Soon after, Flagg moved to Providence, where he served as a colonel in the Rhode Island regiment during the American Revolution, and disappeared from our early music history.
The poetry of the 20th century writer T.S. Eliot has inspired some memorable 20th century music, ranging from the silly (like Andrew Lloyd Webber’s “Cats”) to the solemn (like Igor Stravinsky’s anthem “The Dove Descending Breaks the Air,” a setting of some lines from Eliot’s poem “Little Gidding.”)
Some lines from that same Eliot poem haunted the American composer Libby Larsen for years, and eventually resulted in an orchestral tone poem entitled “Ring of Fire.”
The lines from Eliot’s poem read as follows: “We only live, only suspire, consumed by either fire or fire.”
“What does it mean, to be consumed by either fire or fire?” wrote Larsen in the preface to her score. “What does it mean to live consumed by passion or passion?” asked Larsen, and came up with a musical answer. As she explained, “The image is ignited musically by a melodic fragment in the tremolo strings echoed here and there by solo horn. To suggest flame, I added woodwind arpeggios and a two-chord motive which are heard in bursts of activity, extended string lines, and brief articulations from the woodwinds, brass and cymbals.”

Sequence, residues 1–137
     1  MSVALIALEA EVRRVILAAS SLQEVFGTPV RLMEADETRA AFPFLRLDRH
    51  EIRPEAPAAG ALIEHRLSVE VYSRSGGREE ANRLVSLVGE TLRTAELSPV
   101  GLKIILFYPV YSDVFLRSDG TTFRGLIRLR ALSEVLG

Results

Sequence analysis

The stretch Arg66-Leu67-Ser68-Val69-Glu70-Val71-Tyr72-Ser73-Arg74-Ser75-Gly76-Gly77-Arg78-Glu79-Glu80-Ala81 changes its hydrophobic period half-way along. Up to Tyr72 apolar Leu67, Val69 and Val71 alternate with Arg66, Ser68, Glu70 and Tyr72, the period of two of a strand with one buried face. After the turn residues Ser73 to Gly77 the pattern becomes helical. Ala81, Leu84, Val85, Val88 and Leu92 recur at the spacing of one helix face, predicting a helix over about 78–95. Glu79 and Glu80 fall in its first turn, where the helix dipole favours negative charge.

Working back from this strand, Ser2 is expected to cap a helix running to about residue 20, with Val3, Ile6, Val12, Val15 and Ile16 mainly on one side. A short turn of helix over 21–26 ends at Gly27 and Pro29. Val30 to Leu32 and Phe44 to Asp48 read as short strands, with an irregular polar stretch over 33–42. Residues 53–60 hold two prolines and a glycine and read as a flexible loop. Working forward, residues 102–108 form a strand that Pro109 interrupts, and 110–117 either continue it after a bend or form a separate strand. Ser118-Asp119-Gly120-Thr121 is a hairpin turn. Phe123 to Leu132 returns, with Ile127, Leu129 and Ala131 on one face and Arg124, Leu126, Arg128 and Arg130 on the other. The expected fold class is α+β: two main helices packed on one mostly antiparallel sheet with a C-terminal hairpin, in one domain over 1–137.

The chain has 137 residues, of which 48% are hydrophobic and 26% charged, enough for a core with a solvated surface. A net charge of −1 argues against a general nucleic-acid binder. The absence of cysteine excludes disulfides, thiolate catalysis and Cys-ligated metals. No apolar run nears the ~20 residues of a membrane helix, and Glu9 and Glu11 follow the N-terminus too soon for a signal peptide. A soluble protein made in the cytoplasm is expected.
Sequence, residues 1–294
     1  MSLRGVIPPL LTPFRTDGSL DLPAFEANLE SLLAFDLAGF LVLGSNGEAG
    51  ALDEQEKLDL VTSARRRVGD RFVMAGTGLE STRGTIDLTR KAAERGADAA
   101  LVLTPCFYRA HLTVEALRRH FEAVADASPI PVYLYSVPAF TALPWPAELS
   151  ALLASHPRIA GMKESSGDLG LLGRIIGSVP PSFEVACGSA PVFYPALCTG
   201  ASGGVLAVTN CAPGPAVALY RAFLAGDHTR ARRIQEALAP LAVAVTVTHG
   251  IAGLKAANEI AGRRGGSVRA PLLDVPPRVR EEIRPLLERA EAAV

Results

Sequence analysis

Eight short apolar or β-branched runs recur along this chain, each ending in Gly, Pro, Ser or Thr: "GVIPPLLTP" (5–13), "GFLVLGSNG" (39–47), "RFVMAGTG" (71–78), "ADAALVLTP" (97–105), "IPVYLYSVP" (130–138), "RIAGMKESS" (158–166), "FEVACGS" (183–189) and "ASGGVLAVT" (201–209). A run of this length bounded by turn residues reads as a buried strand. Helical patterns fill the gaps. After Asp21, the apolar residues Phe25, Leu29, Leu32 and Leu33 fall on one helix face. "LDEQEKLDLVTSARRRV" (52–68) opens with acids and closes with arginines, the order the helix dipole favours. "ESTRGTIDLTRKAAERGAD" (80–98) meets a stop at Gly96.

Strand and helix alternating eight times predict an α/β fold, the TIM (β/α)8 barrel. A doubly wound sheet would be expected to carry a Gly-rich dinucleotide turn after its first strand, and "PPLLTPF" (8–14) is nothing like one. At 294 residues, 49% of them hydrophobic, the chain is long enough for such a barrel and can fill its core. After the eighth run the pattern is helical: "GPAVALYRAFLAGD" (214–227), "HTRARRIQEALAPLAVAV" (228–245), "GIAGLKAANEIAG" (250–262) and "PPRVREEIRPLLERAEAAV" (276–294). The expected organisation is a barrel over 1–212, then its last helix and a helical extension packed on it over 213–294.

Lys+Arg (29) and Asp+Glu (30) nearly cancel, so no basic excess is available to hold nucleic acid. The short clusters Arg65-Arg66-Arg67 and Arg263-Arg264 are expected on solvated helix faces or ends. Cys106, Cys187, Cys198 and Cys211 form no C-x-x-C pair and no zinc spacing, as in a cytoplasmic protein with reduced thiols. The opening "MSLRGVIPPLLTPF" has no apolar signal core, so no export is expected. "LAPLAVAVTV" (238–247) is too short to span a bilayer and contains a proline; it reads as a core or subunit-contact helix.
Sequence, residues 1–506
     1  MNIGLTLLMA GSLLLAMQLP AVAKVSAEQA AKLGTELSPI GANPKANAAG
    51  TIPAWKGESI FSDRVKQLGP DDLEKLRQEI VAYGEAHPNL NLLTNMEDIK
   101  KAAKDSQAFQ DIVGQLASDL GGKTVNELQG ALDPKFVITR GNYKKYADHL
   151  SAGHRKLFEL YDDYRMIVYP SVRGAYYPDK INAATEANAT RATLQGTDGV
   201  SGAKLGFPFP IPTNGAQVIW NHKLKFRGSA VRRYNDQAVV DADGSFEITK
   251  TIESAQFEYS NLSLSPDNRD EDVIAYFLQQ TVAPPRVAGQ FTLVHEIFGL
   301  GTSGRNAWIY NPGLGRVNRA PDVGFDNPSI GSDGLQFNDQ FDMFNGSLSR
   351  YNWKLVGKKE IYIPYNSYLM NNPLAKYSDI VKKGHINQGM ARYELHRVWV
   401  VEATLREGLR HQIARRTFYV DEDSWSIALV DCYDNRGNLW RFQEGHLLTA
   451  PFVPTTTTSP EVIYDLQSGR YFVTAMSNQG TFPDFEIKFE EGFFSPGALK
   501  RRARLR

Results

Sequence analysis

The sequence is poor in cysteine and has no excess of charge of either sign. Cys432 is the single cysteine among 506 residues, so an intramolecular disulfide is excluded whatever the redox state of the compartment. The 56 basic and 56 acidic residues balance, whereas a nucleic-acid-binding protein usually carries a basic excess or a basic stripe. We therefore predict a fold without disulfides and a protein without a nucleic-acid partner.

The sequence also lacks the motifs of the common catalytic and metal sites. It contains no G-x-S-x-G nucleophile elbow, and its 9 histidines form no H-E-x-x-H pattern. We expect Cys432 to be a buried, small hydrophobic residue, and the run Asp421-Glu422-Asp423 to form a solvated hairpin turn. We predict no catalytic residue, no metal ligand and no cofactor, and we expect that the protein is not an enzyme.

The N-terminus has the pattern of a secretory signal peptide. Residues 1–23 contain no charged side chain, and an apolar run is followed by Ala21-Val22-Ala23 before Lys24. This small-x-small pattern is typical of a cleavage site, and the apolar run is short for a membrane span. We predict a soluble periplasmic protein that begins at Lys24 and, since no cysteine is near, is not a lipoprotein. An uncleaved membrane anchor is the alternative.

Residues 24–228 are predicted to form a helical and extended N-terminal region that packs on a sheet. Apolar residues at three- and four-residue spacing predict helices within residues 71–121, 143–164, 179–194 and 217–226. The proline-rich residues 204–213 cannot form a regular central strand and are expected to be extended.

Larsen’s tone-poem “Ring of Fire” received its premiere performance on today’s date in 1995, at a concert by the Charlotte Symphony Orchestra, the ensemble that had commissioned the work. In addition to her tone-poem, Larsen has written a number of other works for the modern symphony orchestra, including several symphonies.
In one of his poems entitled The Ballad of East and West, the British poet Rudyard Kipling penned a line of verse which was destined to enter the English language as an often-quote cliché: ‘Oh, East is East, and West is West, and never the twain shall meet.’
On today’s date in 1963, East DID meet West at the premiere performance of a musical work by the American composer Lou Harrison, entitled “Pacifika Rondo,” written for an orchestra of Western and Oriental instruments at the East-West Center at the University of Hawaii.
For Lou Harrison, it was just one more stop on a journey he had begun decades earlier.
In the spring of 1935, when he was still a teenager, Lou Harrison had enrolled in a course entitled “Music of the Peoples of the World” at the University of California extension in San Francisco. The course was taught by the American composer Henry Cowell, who became Harrison’s composition teacher. Cowell urged his pupils to explore non-Western musical traditions and forms. Javanese gamelan music became a big influence in Harrison’s music, and, in 1961-62, a Rockerfeller Foundation grant made it possible for him to study Asian music in Korea.